Bright light therapy for bipolar disorder

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  1. Bright light therapy study by S Kutcher and G Papatheodorou
  2. Study by Dorothy Sit M.D and her research team

Bright light therapy study by S Kutcher and G Papatheodorou


There is evidence that bright light therapy can ease bipolar symptoms. There have been several studies done.

I'll write about two of those here, starting with the study done in 1995 by S Kutcher and G Papatheodorou of the Division of Adolescent Psychiatry, Sunnybrook Health Science Centre, University of Toronto Clinic, Ontario, Canada.

Seven people aged 16 to 22 years with bipolar depression were treated with bright light therapy twice a day, they were first evaluated using the BDI (Beck Depression Inventory) and symptoms check list.

Two patients had a no response to mild score. Two patients had a decrease ranging from 40% to 74 and three patients showed a decrease of over 70% in their baseline score.

Study by Dorothy Sit M.D and her research team


Nine women with bipolar disorder were studied by Researchers from the University Of Pittsburgh School Of Medicine's Western Psychiatric Institute and Clinic.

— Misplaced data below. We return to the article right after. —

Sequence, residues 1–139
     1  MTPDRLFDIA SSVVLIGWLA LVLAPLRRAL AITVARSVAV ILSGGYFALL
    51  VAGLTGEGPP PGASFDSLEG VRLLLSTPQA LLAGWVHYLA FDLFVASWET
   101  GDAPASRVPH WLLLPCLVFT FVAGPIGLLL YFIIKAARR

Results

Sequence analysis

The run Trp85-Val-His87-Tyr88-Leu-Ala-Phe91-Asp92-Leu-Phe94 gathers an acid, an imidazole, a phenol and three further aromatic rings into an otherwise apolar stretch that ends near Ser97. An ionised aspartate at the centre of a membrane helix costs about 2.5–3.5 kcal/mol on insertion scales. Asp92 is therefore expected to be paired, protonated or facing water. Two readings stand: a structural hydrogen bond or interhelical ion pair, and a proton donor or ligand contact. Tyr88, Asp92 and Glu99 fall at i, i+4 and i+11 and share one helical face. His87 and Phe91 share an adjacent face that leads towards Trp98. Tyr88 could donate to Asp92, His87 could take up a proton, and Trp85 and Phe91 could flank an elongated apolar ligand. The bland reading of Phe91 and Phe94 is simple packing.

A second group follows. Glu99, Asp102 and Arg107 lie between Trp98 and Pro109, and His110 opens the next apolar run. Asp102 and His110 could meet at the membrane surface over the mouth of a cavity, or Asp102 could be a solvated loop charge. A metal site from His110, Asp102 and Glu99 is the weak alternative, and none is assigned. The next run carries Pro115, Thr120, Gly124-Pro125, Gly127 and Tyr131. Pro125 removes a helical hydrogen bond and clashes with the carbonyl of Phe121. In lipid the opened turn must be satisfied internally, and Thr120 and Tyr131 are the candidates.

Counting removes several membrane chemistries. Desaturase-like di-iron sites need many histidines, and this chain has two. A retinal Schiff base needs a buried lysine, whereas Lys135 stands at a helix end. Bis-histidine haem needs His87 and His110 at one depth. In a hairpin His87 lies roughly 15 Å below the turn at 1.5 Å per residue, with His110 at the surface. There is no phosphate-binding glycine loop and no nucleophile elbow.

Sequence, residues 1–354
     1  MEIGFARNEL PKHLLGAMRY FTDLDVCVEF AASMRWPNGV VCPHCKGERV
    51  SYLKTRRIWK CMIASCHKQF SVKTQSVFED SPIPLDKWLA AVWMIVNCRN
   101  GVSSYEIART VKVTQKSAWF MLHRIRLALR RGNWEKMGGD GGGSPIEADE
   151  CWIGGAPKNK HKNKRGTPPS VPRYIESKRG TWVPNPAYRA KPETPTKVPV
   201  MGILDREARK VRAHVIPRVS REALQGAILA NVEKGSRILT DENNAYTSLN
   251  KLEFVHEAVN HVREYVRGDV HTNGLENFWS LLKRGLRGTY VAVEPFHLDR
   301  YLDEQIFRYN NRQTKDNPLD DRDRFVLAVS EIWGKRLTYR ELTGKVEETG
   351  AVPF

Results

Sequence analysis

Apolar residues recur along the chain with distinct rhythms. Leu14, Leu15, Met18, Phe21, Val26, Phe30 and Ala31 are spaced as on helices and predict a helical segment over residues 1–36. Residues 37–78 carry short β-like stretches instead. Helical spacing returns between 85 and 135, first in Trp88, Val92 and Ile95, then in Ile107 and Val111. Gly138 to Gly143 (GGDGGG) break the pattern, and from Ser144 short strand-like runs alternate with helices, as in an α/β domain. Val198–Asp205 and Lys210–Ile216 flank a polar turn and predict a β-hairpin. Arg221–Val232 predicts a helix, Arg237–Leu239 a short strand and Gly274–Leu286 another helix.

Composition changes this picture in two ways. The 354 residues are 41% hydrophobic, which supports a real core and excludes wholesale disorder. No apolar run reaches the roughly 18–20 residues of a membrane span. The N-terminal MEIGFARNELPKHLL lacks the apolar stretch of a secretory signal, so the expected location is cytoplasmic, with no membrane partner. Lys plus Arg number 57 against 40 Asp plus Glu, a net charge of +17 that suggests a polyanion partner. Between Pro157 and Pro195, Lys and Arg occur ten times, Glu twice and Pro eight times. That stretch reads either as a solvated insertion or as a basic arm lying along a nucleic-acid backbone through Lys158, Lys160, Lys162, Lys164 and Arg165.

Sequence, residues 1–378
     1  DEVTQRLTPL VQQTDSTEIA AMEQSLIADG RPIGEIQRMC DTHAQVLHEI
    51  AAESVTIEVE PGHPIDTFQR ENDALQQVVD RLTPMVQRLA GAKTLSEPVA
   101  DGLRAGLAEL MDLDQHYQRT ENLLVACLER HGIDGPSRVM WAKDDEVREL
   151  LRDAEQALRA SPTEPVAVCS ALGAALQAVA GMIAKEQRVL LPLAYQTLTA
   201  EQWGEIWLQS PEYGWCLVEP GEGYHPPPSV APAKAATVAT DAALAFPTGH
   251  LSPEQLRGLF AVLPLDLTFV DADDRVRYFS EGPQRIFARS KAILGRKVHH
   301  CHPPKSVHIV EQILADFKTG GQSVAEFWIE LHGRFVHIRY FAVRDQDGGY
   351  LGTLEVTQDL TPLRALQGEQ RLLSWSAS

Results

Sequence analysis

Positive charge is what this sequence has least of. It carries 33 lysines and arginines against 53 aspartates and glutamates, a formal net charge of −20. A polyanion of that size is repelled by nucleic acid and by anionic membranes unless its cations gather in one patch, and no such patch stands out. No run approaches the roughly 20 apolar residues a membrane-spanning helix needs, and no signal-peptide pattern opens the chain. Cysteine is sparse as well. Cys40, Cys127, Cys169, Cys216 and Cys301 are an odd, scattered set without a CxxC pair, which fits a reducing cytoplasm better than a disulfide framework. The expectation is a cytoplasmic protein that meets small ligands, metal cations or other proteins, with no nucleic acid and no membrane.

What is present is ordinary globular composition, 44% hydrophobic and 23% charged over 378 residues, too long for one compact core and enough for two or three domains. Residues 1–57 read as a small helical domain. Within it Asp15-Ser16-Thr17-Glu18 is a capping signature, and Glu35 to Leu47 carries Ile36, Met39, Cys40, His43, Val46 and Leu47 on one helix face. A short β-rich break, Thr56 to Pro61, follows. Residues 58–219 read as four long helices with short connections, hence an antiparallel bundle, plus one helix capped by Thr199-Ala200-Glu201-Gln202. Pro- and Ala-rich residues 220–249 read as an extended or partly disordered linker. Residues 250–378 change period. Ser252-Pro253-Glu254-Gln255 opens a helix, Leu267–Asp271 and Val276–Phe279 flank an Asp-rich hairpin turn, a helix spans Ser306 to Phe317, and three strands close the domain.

They examined the effects of light therapy at midday and in the morning on mood symptoms. The women were each given a light box and given instructions about how to use them.

The light boxes were used for two weeks on a daily basis in stretches of 45, 30 and 15 minutes.

Some patients responded very well to light therapy and their depression symptoms disappeared. They stayed on bright light therapy for a further 3 or 4 months.

Five patients used their light box at midday and 4 patients received morning light. They all carried on taking their prescribed medications during the entire study period.

Three women who received the morning light developed a mixed state initially, which means mania and symptoms of depression occur all at once. The group that started with the midday light box therapy had a more stable response.

The morning light received a final adjustment and a few more patients responded more fully. Dorothy Sit M.D., assistant professor of psychiatry and the study's first author said

"People with bipolar disorder are exquisitely sensitive to morning light, so this profound effect of morning treatment leading to mixed states is very informative and forces us to ask more questions"

"Did we introduce light too early and disrupt circadian rhythms and sleep patterns?"

People who have bipolar disorder are sensitive to seasonal changes and changes in outdoor ambient light.

Dr sit wrote.

"In our study, 44 percent of patients were full responders, and 22 percent were partial responders."

"Light therapy, therefore, is an attractive and possibly effective augmentation strategy to improve the likelihood of full-treatment response."

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